Kuala Lumpur is a high-tech and highly developed modern megalopolis, with a range of hallmarks that pay tribute to this fact: impressive skyscrapers, resembling massive steel needles jut out from the ground, while a plethora of ultramodern shopping malls and multi-level traffic are almost constantly covered with hordes of busy people. However, although the city would appear to be the very definition of a concrete jungle at a first glance, it would be unfair to refer the Malay capital as such. Kuala Lumpur's spectacular array of gigantic glass and concrete buildings blends harmoniously with its fantastic gardens and parks, many of which were designed by the world’s best renowned landscape designers.
Kuala Lumpur’s most popular green area - and unsurprisingly the most frequented place of relaxation for capital’s locals and guests - is the Botanical Garden, which stretches over the lush green hills that surround the picturesque Tasik Perdana Lake in the city center. The garden is not only an opportunity to admire Malaysia’s charming flora, but also a unique chance to experience the close atmosphere of a primeval tropical forest. Visitors to this seething mass of green can quickly forget about hustle and bustle of the deafening megalopolis. In fact, the Botanical Garden’s huge grounds and surrounding areas contain several unique theme parks, each of which representing a peculiar museum of nature, where guests can observe the true richness and variety of the tropical verdure and watch a wide variety of exotic animals in their natural environment.
The Orchid & Hibiscus Gardens are both situated in the park. These gardens represent a true paradise of flowers, where an amazingly varied collection of these beautiful tropical flowers take the most unusual forms, colors and aromas. The Bird Park is located not too far from the aforementioned gardens. This is the largest open aviary in the world, and a home to 3000 birds, most of which were brought to Kuala Lumpur from far flung places across the globe. The Butterfly Park neighbours the bird park, and is a site where more than five thousand exotic butterflies fly about under a high net, which stretches around the enclosure. A little further onwards, a selection the earliest examples of cloven-hoofed animals on Earth – the kanchils, or so called mouse deer – live in the Deer Park.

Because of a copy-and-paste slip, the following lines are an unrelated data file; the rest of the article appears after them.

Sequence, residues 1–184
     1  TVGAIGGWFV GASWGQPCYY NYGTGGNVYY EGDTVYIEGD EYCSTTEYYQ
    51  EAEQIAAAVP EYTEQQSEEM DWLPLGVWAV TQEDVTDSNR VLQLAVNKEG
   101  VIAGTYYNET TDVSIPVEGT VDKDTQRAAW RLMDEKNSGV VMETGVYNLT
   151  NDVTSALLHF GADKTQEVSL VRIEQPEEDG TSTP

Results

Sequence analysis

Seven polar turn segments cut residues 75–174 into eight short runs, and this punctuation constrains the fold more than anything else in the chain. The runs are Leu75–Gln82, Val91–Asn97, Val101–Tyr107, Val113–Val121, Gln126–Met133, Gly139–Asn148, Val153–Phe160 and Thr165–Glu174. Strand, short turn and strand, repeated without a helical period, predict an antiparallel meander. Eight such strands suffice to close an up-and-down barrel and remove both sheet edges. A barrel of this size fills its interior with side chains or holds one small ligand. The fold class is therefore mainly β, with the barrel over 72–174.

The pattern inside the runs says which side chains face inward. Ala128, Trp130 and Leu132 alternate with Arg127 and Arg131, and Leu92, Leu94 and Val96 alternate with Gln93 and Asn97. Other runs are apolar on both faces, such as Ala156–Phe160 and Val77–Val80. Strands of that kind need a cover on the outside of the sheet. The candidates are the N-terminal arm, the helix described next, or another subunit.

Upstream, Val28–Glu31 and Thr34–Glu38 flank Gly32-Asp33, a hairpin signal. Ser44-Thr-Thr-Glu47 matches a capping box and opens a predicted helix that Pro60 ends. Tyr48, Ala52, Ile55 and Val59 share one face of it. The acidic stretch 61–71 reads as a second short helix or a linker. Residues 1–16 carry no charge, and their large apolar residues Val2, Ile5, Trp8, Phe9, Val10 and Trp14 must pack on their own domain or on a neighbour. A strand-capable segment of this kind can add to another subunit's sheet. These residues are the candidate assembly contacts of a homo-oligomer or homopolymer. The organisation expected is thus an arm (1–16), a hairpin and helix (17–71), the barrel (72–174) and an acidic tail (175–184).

The Kuala Lumpur National Zoo is another place to admire the sheer variety of wildlife than can be found in and around the city. This attraction is famous for its size and the number of species that it holds. More than five thousand animals – mammals, birds, reptiles, amphibians, and fish – all live in the zoo.
A more natural attraction in the immediate reaches of the Malay capital is the Bukit Nanas Forest Reserve, which situated in the city center. This is considered to be one of the oldest forest reserves in the country, and represents a preserved area of genuine jungle ecosystem, where many species of exotic animals have found their habitats, and plenty of tropical trees grow. However, the most amazing gift of nature to have been inherited by Kuala Lumpur is undoubtedly the Batu Caves. These were formed inside a forest-covered limestone hill, which towers over the northern outskirts of the city, over 400 million years ago. Inside the caves, a huge collection of stalactites and stalagmites transform the enclosed spaces into the stuff of fairytale.
Kuala Lumpur has dedicated itself to achieving the status of the garden city, and nowadays can be classed as one of the greenest capitals in the Southeast Asia. However, the commitment from local authorities to ever greater biodiversity means that the number of parks, gardens, and public green spaces is constantly being increased. They greatly enlivens the urban landscape, harmonizing it and filling it with bright colors. At the same time, these new green areas are an attraction in their own right, drawing ever greater numbers of travellers to Kuala Lumpur every year.